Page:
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How to Clean Champagne Stains

Kat Stromquist

Champagne is a common but persistent household stain. Use tried-and-true basic cleansing techniques to remove it from home surfaces.

Though most sparkling wines are clear or light in color, when the wine dries on an object or clothing, an oxidation reaction can leave an unsightly stain. If you end up with splotches on your party dress or favorite sofa after New Year's Eve, learn how to do a quick damage control.

Champagne and Fabric

Wine stains in formal attire can be frustrating, because they may not appear immediately after wear. Storage in a damp area, dry cleaning or simple contact with air over time can make the wine's sugars turn yellow or brown. However, treatment of brand-new or freshly appeared stains is basically the same process. With a white lint-free cloth, blot the stain with lukewarm water and a gentle dish soap solution. Rinse through with more water. Avoid very hot water and heat from a dryer, especially for older marks, as heat can set the stain.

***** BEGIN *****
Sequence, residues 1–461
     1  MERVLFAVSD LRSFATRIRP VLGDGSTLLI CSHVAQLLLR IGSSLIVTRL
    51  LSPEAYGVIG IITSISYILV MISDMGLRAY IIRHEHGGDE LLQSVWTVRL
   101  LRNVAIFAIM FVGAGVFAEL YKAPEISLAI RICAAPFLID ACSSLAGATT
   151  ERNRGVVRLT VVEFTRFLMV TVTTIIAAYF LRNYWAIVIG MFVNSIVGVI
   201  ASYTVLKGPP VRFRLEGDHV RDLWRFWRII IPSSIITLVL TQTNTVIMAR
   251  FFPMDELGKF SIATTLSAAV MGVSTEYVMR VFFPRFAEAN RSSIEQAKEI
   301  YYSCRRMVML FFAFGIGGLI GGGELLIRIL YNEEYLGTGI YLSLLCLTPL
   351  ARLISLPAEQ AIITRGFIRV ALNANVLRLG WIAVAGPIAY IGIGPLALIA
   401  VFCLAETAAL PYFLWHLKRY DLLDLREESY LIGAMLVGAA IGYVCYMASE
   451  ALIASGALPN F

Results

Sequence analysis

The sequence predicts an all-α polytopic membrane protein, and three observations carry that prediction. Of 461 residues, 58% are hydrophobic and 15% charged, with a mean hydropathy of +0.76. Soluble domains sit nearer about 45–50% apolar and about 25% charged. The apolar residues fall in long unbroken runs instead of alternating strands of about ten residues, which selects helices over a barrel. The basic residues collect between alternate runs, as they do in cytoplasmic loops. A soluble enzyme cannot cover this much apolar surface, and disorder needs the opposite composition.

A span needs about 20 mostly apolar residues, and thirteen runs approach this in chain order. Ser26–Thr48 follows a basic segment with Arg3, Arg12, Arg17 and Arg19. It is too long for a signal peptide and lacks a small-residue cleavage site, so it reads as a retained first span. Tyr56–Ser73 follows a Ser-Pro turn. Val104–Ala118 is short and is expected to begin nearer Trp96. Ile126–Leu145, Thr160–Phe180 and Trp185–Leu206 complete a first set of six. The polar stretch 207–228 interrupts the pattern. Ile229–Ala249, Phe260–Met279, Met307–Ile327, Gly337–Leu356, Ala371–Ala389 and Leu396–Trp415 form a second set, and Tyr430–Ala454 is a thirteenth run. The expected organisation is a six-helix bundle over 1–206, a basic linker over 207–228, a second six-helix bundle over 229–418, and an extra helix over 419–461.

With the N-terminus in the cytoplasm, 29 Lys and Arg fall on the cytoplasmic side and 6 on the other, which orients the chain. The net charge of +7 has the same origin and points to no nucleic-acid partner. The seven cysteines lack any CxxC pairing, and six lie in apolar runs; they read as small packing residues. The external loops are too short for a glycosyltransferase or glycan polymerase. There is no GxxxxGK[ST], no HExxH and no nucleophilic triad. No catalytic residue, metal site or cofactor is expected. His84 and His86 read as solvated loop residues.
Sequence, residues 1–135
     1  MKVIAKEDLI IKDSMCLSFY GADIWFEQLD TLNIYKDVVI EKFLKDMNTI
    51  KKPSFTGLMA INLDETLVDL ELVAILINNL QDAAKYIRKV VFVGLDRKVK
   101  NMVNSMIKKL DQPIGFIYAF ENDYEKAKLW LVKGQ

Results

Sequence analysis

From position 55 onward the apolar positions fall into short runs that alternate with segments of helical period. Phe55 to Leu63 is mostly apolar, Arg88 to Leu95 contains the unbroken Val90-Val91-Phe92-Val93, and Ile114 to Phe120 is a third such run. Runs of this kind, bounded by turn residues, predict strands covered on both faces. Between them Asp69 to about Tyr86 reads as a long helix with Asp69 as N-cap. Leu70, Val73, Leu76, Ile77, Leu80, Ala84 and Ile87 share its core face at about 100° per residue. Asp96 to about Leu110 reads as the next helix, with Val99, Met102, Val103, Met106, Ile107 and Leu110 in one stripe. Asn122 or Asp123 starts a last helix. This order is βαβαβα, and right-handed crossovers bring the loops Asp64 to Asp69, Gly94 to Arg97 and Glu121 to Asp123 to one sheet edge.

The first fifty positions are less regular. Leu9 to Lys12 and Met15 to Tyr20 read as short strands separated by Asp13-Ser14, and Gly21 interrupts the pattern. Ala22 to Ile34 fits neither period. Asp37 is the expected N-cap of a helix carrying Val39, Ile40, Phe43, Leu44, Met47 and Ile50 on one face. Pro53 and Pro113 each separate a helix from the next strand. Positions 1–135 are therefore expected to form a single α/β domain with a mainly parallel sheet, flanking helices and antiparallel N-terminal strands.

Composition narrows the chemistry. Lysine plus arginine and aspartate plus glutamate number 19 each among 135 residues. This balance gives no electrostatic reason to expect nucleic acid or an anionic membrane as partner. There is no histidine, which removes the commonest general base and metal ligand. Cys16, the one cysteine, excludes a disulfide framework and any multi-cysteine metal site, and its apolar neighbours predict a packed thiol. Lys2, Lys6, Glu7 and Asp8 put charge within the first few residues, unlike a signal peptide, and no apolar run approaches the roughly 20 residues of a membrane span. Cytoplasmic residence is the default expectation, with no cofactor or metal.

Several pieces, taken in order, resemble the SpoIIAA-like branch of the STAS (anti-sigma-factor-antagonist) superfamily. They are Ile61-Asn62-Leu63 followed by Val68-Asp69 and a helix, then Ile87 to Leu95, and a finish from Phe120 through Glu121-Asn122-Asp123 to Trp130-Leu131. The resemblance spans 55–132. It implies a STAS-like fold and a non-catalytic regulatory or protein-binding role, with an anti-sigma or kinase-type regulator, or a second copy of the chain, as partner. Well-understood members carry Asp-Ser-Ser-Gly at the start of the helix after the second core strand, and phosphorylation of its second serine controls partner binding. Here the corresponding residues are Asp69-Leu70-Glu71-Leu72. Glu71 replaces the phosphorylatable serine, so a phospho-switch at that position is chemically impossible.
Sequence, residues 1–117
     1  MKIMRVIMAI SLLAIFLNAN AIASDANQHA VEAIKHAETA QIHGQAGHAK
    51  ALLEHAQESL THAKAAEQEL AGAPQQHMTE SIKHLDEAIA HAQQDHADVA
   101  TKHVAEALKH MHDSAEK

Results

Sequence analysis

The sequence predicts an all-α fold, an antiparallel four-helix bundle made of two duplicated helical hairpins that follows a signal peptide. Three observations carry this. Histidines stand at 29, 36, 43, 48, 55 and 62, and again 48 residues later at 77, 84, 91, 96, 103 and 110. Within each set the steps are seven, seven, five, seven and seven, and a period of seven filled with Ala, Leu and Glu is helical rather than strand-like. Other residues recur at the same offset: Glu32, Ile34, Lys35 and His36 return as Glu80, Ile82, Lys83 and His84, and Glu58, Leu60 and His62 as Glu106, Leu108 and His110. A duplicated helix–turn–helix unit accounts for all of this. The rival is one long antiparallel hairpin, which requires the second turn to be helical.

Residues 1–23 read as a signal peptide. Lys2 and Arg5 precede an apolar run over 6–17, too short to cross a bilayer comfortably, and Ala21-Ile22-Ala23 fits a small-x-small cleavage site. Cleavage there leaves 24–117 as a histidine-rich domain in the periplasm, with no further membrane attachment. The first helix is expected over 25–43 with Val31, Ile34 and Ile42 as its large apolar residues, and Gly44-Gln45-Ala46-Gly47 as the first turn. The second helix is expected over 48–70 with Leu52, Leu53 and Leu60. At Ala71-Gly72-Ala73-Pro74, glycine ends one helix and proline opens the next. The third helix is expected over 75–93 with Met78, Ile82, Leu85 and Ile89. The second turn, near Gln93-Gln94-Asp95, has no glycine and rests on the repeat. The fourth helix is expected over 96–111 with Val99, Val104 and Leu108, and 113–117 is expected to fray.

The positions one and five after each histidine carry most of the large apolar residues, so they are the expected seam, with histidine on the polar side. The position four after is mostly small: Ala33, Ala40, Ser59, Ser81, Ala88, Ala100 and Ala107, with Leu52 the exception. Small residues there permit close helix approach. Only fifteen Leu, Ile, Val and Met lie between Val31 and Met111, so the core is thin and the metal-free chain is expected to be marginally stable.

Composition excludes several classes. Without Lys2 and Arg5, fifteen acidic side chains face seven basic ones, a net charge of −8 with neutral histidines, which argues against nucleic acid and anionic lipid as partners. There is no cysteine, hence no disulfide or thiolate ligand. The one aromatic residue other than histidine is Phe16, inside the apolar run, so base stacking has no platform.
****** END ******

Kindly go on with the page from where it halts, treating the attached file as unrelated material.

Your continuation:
• Baby shampoo is a good substitute for a mild dish soap. * Be gentle when blotting: Intense rubbing can damage the textile, and pressure forces the tannins from the wine further into fabric.

Preserve Your Furniture

Treat slipcover stains as you would a dress: Dilute the stain as much as possible with water or club soda; then flush it out with warm water and a soapy solution. Be patient. It may take several sessions to remove a stain completely. Prepare for bigger challenges with high-end furniture fabrics like leather or microfiber. A mixture of olive oil and vinegar is a natural cleaner for leather furniture. Use a diluted rubbing alcohol spray -- it may seem counterintuitive, but rubbing alcohol doesn't have sugar in it, so it doesn't have the same staining power as wine -- to pick up stains from a microfiber couch.


After your microfiber couch dries, use a bristle brush to "fluff" its nap.

Watch Your Walls

After a really wild party, look at your walls: Stains may appear on wallpaper or painted surfaces. A 10-to-1 solution of water to soap will generally remove wine stains from home interior surfaces. In the kitchen or in a room with neutral walls, a melamine foam eraser may draw out any embedded markings.


Test any wall cleaner in an inconspicuous place -- for example, behind the refrigerator -- before using it on a major stain.